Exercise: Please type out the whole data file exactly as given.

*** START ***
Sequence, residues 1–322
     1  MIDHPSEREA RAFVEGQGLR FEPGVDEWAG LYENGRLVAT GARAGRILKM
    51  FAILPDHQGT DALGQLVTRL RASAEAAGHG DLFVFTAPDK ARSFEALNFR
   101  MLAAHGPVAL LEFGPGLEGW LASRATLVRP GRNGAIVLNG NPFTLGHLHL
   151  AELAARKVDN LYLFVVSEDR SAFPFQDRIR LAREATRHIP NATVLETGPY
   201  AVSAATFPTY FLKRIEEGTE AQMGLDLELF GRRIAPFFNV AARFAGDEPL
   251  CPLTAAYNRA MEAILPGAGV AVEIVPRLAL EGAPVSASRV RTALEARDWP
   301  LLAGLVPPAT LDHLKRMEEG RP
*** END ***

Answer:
Sequence, residues 1–322
     1  MIDHPSEREA RAFVEGQGLR FEPGVDEWAG LYENGRLVAT GARAGRILKM
    51  FAILPDHQGT DALGQLVTRL RASAEAAGHG DLFVFTAPDK ARSFEALNFR
   101  MLAAHGPVAL LEFGPGLEGW LASRATLVRP GRNGAIVLNG NPFTLGHLHL
   151  AELAARKVDN LYLFVVSEDR SAFPFQDRIR LAREATRHIP NATVLETGPY
   201  AVSAATFPTY FLKRIEEGTE AQMGLDLELF GRRIAPFFNV AARFAGDEPL
   251  CPLTAAYNRA MEAILPGAGV AVEIVPRLAL EGAPVSASRV RTALEARDWP
   301  LLAGLVPPAT LDHLKRMEEG RP